I know a poetry teacher who encourages his students to submit their poetry to as many magazines as possible. Getting published is not the reason. “I want you to get used to being rejected,” he explained.
Unless you’re writing in your journal, being rejected is a huge part of writing. It generally takes a boatload of rejections before you find the right publisher. Surviving rejection enough to keep submitting your work is a common obstacle for writers everywhere. When I was trying to get a book deal for my first book, Awakening the Healer Within, I got rejected so many times, I literally picked up the manuscript, tossed it into the closet, and slammed the door. I got it back out in a day or so, but being rejected with no rhyme or reason is a hard road to hoe.
If and when you break through that brick wall to finally get published, now you’re facing more rejection as the critics begin writing reviews. While I was in the submission phase, my sister Jill sent me a gift. It was a book by Andre Bernard and Bill Henderson called Rotten Reviews and Rejections: A History of Insult. I scanned the pages and found some helpful information about authors who had been rejected.
Bestselling mystery writer, Agatha Christie, took five years to find a publisher for her first book and then went on to sell in excess of two billion copies.
Louis L’Amour was rejected 200 times before a publisher took a chance on him. Now he can boast 330 thousand books sold.
The Tale of Peter Rabbit by Beatrix Potter was rejected so many times, she decided to self-publish. It has sold 45 million copies to date . . . and still counting.
So here’s what I do to deal with rejection:
• I get in bed and pull the covers up over my head. I take a day to mourn the loss of a publishing deal but I only give myself twenty-four hours. Then I pull myself out of bed and remember that the rejection was only one person’s opinion. If you let it buzz in your head, you will drop into a downward spiral and it’ll be hell to get back to yourself and continue sending your manuscript around.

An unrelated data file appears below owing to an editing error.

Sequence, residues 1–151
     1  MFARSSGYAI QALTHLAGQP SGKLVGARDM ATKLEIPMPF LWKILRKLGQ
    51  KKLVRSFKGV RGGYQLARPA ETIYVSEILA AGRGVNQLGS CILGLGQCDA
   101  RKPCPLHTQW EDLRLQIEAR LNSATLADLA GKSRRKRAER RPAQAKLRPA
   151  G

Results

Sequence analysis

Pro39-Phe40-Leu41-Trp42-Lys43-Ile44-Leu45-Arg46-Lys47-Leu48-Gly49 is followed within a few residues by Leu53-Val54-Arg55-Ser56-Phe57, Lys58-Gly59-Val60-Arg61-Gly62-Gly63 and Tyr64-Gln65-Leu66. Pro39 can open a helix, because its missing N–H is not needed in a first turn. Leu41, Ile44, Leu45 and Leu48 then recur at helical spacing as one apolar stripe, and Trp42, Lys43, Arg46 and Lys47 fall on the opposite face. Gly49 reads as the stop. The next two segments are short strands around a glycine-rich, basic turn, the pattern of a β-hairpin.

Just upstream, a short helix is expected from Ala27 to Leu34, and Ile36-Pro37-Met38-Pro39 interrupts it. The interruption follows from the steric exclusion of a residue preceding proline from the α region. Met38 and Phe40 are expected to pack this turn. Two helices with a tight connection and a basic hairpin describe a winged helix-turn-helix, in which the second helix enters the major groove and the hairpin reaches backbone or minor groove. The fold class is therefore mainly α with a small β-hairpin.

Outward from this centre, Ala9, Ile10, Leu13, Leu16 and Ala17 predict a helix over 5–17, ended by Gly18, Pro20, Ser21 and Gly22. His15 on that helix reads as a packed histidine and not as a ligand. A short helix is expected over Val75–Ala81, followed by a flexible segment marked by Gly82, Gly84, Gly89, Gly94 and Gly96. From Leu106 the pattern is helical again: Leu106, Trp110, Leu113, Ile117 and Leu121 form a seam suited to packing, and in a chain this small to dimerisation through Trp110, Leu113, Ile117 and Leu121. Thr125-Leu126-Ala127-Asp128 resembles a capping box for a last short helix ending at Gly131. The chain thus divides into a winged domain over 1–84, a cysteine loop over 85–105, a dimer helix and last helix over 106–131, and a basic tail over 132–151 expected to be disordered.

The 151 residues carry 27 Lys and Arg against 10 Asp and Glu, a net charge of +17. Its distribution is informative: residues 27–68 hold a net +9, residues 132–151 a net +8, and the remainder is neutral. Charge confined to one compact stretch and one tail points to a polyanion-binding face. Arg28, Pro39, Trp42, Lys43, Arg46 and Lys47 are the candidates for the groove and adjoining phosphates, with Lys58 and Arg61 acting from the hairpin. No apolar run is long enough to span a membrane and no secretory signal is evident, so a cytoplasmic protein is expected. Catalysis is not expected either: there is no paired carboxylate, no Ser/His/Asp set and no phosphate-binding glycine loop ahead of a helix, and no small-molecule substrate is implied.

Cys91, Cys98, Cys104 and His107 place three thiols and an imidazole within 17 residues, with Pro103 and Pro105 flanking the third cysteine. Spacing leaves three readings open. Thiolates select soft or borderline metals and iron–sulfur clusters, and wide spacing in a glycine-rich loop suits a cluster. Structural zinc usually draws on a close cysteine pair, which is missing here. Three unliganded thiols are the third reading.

• If a publisher sends me back a form rejection letter, I simply move on.
• If a publisher doesn’t send a rejection form letter but actually gives me notes, (this is rare-, I see if they are on point enough to make a difference in my writing. The person who rejected me may not know any more than I do. Or she may know less. It’s my book and I can decide to do with it what I please.
• I keep on submitting and try to distract myself from waiting.
Remember that over 300,000 books are published each year in the US and a small minority sell. That leaves hundreds of thousands of writers who don’t manage to sell their books. Does that mean they are failures?. A reporter once asked Thomas Edison how it felt to fail ten thousand times. He said, “I have not failed. I’ve just found ten thousand ways that won’t work.”
The point is that you should never give up your dream. Imagine how many wonderful books, paintings, plays or symphonies would never have seen the light of day if the artist didn’t have a will of iron and the ability to keep on going until they see their dream realized.